JACKSON, Miss. – Mississippi is denying good schools to African American students in violation of the federal law that enabled the state to rejoin the union after the Civil War, a legal group alleged Tuesday.
The Southern Poverty Law Center wants a federal judge to force state leaders to comply with the 1870 law, which says Mississippi must never deprive any citizen of the “school rights and privileges” described in the state’s first post-Civil War constitution.
That law still obligates Mississippi to provide a “uniform system of free public schools” for all children, but the state has instead watered down education protections in a white supremacist effort to prevent the education of blacks, the group said.
“From 1890 until the present day, Mississippi repeatedly has amended its education clause and has used those amendments to systematically and deliberately deprive African-Americans of the education rights guaranteed to all Mississippi schoolchildren by the 1868 Constitution,” the suit states.
The named defendants include Gov. Phil Bryant, Lt. Gov. Tate Reeves, House Speaker Philip Gunn and Secretary of State Delbert Hosemann, all Republican elected officials. It also names state school Superintendent Carey Wright and the nine appointed members of the state Board of Education.
Mississippi’s public schools have stubbornly ranked at or near the bottom of national measures of academic achievement and progress. But Bryant and Reeves said Mississippi’s education system is improving under their leadership.
“This is merely another attempt by the Southern Poverty Law Center to fundraise on the backs of Mississippi taxpayers,” the governor said in a statement. “While the SPLC clings to its misguided and cynical views, we will continue to shape Mississippi’s system of public education into the best and most innovative in America.”
Reeves called the SPLC a “fringe organization,” and said it’s “almost laughable” that the legal group is simultaneously trying to “protect the status quo” by challenging efforts to direct public funds to charter schools that would provide more choices to minority students.
Attorney Will Bardwell says the suit, filed on behalf of four African-American mothers with children in public elementary schools, seeks equal opportunities and outcomes. He said Mississippi’s leaders are welcome to comply without increasing spending if they can.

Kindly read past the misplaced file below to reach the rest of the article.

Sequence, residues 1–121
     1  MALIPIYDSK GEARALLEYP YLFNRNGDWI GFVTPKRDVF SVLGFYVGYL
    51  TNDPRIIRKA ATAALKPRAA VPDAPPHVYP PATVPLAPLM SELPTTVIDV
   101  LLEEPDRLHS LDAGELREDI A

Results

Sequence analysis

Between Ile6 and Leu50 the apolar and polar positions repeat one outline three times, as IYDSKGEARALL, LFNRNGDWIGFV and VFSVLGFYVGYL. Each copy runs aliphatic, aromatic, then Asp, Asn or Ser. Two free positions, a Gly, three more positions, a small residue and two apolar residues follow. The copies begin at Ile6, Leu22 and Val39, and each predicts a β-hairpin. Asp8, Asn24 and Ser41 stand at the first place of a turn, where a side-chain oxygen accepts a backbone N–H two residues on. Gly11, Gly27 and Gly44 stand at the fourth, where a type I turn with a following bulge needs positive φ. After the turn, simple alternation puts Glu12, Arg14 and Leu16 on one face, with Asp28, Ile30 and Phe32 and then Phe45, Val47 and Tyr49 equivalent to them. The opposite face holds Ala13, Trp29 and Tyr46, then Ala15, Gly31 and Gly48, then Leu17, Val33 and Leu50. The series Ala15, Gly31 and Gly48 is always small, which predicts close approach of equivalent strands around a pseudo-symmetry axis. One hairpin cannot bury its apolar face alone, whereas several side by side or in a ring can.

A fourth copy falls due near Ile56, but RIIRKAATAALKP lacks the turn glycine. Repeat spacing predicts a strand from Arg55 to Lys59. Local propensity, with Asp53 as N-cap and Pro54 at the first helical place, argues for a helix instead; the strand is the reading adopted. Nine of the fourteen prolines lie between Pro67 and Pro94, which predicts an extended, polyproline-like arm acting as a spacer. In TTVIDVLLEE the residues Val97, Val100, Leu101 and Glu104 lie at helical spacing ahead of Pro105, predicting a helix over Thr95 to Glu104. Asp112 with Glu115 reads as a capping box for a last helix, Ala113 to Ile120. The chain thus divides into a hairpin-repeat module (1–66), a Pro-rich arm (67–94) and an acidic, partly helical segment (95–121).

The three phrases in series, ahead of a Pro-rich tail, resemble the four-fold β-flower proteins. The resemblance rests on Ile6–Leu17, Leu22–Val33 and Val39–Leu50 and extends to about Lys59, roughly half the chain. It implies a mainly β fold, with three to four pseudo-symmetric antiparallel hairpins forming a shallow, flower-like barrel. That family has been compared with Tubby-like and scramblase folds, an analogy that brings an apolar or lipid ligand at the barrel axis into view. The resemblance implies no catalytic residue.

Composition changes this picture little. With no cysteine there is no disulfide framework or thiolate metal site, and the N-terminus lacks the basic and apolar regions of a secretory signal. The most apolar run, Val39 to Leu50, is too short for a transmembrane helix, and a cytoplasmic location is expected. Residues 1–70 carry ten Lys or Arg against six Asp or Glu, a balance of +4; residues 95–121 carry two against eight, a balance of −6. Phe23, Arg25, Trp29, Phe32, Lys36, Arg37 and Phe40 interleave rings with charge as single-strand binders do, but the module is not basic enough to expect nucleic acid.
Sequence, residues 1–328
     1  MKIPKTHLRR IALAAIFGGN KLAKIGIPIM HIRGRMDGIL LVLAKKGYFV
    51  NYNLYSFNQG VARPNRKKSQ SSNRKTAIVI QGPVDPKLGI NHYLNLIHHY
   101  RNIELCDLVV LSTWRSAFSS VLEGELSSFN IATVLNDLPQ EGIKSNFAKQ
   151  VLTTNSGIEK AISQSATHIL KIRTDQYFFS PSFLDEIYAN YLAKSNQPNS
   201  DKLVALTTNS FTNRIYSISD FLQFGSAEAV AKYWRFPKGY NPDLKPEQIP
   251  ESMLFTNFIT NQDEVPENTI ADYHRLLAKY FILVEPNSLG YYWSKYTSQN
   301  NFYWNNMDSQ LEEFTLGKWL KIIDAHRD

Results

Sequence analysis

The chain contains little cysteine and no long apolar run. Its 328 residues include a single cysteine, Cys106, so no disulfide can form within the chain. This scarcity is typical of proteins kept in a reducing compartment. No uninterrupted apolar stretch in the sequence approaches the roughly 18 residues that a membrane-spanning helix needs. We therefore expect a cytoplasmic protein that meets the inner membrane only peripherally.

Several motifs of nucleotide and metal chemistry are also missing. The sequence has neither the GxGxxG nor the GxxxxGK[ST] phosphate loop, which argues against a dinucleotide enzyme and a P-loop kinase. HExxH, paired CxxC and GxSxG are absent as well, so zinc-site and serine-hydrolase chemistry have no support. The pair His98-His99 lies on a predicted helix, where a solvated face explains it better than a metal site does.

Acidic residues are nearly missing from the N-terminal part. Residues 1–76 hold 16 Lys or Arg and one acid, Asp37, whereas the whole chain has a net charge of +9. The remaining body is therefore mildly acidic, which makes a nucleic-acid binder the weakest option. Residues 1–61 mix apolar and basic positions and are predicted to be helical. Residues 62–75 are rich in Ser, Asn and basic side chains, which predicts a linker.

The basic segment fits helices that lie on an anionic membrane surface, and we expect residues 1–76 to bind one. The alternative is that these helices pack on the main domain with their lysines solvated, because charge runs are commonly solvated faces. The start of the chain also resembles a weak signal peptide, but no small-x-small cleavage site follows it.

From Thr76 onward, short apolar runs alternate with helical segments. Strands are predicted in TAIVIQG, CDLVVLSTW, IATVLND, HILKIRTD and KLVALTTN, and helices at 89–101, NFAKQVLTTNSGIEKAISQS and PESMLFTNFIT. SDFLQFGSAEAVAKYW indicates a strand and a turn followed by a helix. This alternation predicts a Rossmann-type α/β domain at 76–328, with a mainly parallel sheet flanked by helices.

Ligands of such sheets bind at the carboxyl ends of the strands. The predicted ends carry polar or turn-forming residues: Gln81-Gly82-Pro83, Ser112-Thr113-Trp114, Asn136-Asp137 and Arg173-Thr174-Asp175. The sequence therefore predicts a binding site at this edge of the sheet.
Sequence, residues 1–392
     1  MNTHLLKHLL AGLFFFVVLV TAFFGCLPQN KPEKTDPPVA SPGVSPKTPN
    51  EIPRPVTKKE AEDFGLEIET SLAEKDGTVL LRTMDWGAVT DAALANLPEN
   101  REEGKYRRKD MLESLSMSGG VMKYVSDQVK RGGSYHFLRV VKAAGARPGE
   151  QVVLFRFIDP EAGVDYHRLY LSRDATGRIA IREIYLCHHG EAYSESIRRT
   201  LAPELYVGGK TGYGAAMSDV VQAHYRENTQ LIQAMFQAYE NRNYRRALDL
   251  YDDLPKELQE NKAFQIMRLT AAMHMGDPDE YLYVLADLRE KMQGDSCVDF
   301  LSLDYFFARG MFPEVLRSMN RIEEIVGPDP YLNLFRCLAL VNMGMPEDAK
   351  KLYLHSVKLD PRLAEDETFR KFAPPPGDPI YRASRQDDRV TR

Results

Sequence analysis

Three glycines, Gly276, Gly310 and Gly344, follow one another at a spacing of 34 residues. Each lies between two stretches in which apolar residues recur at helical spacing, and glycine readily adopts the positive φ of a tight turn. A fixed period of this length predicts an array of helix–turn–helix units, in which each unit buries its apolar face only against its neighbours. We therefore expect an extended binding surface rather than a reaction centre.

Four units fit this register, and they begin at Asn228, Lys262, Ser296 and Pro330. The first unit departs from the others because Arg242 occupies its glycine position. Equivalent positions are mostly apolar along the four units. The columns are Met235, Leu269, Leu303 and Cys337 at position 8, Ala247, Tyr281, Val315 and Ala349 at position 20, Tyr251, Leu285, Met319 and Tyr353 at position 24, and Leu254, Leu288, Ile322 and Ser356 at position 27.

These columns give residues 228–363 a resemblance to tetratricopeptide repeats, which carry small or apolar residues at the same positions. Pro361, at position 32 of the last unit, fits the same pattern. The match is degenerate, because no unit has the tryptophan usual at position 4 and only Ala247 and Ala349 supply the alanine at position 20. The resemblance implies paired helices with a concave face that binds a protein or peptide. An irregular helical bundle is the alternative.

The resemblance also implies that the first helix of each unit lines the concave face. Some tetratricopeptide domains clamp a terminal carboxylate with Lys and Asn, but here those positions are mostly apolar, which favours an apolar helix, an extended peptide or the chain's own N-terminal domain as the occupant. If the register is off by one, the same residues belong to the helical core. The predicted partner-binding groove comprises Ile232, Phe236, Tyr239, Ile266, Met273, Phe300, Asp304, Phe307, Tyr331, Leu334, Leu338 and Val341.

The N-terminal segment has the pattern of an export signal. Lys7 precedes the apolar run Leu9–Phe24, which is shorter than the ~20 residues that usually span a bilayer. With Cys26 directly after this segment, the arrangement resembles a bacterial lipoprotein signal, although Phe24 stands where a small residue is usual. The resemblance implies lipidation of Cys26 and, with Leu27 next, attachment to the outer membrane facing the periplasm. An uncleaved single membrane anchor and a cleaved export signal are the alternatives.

“I’m filing this lawsuit because the state has an obligation to make the schools that black kids attend equal to the schools that white kids attend,” said Indigo Williams, the parent of a first-grade boy at Raines Elementary School in west Jackson.
All 19 Mississippi school districts rated “F” by the Mississippi Department of Education have overwhelmingly African-American student bodies, while the state’s five highest-performing school districts are predominantly white, the SPLC says.
The schools attended by the plaintiffs’ children “lack textbooks, literature, basic supplies, experienced teachers, sports and other extracurricular activities, tutoring programs, and even toilet paper,” the SPLC said.
Mississippi already faces a lawsuit over statewide public school funding. Former Gov. Ronnie Musgrove represents 21 districts demanding the state money they say they were shorted under the public school funding formula between 2010 and 2015.
Musgrove said the Legislature can’t evade a 2006 law requiring it to fund the amount required by the formula. He also argues that the funding law is reinforced by the current constitution.
The SPLC suit takes a sharply different view of the current law and constitution.
Its lawsuit recites changes to the provision, including a 1960 amendment that made public schools optional and could have allowed Mississippi to close public schools to evade racial integration.
That change was partially reversed in 1987, when voters amended the state constitution to again make public schools mandatory, but the amendment didn’t require a uniform system, and said lawmakers could impose “such conditions and limitations as the Legislature may prescribe.”
“This is one of the weakest education clauses in America because its mandate creates virtually no obligations that the Legislature does not choose for itself,” the suit states.
That’s close to the view of proponents of Initiative 42, a failed attempt in 2015 to amend Mississippi’s constitution yet again to require “an adequate and efficient system of public schools,” and allow people to sue over funding shortfalls.
Tuesday’s lawsuit, if successful, could also set the stage for such suits. Bardwell said if the SPLC wins and state officials don’t follow the revised constitutional mandates, the organization could sue again for more specific remedies.
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